There was quite a discussion around the likely impact of the UK leaving the European Union on the scientific research community. The general consensus among committee members was that EU membership was in the science community’s best interest because we receive substantial funding for our research from the EU and benefit greatly from international collaborations.
There were many questions relating to the obesity problem in the UK and the introduction of a sugar tax as a potential solution. Yvonne Fovargue MP, Shadow minister for BIS suggested that as a society we need better education about the sugar content of foods and we need to address the fact that the cost of healthy eating is significantly higher. She believes that we need to subsidise the cost of healthy food and explore how unhealthy foods can be used to supplement that.
Another issue that was discussed at great length was the lack of female representation in high level science positions in both academia and industry. The Committee recognise the need for a cultural shift in attitude at the C level for any changes in this area to be realised. There needs to be greater encouragement for young girls to study mathematics and physics at A-level. We need strong female role models to show that it is possible for women to be highly successful in what is typically seen as a male dominated environment. We need greater job security to enable women to pursue a career in academia. In industry, there needs to be more flexibility in working hours given to women with families. Stella Creasy MP suggested that men have a key role to play in this and need to be more supportive in relation to the provision of child care. Women need to be more supportive and encouraging of each other. Stella strongly believes that we all have the power to make this change happen.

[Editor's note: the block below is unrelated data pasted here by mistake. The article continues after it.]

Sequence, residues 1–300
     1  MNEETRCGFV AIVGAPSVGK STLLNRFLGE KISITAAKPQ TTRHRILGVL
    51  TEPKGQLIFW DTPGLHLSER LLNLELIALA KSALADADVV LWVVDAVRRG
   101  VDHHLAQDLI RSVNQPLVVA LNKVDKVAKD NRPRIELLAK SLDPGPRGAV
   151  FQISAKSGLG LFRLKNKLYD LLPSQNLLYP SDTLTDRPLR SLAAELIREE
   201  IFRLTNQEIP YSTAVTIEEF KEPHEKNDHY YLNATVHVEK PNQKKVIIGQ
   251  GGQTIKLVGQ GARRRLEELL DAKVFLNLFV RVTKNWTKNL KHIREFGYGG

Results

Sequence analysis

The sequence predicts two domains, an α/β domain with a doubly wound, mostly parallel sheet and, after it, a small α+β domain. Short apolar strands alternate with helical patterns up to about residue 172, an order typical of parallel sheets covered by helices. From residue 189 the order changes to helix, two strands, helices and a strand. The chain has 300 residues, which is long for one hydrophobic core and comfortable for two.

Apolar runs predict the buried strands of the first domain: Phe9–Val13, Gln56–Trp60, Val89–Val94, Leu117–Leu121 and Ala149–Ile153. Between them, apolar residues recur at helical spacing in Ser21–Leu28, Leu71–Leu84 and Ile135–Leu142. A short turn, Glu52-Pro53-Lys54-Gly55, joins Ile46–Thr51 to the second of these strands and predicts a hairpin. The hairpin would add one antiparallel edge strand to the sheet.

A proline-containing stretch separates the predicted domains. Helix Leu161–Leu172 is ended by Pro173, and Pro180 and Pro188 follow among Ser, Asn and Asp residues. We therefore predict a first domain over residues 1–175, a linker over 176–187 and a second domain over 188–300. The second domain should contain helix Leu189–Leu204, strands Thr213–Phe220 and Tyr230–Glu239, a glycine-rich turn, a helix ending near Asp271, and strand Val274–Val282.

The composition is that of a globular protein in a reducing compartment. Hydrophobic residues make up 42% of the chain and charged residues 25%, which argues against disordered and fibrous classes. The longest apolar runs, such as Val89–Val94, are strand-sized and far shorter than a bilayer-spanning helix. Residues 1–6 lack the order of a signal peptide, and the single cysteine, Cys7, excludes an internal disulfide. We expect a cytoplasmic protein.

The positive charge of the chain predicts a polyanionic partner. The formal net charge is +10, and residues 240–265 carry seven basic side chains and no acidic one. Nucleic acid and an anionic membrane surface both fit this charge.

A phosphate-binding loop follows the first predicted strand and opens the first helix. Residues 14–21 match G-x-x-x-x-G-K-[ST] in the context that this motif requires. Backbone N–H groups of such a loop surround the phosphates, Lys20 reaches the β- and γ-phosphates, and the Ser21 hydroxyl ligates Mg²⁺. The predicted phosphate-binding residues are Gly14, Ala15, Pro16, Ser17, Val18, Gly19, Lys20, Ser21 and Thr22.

The highlight of the event for me was a parliamentary first, a video message broadcast from 400km above the earth from Major Tim Peake (pictured below). It was fascinating to hear about the life science experiments he is conducting to investigate the effects of gravity on ageing and the potential impact this could have on those suffering with asthma.
“I was excited to attend the Voice of the Future 2016 event and to find out how policy for science was perceived at parliament. It was encouraging to see a wide range of scientific societies represented at this event, along with students from two high schools who also submitted questions to the panel. I hope that this event will continue to be run in the future, as a valuable link between parliament and those working in scientific careers.”
The Voice of the Future 2016 event was a great opportunity to discover and discuss the issues important to individuals working in STEM areas. We heard questions answered by the Government Chief Scientific Advisor Sir Mark Walport, the select Committee on Science and Technology, the Minister for Universities and Science Jo Jackson MP, the Shadow Minister for Science Yvonne Forvargue MP and even a video message from Tim Peake at the International Space Station. Questions were submitted by a range of institutions and societies, including the Council for Mathematical Sciences (the CMS, comprising the Institute of Mathematics and its Applications (IMA), the London Mathematical Society (LMS) and the Royal Statistical Society (RSS)). Questions submitted by the CMS covered areas such as making government datasets publicly available and possible initiatives to encourage school leavers to take up a career in mathematical sciences. Several initiatives to engage students in sciences were discussed including STEM ambassadors, and the need for individuals and companies working in relevant areas to come into schools to give talks about future career paths. I was excited to attend this event and to find out how policy for science was perceived at parliament. It was encouraging to see a wide range of societies from areas as far reaching as Microbiology and Astronomy represented at this event, along with students from two high schools who also submitted questions to the panel.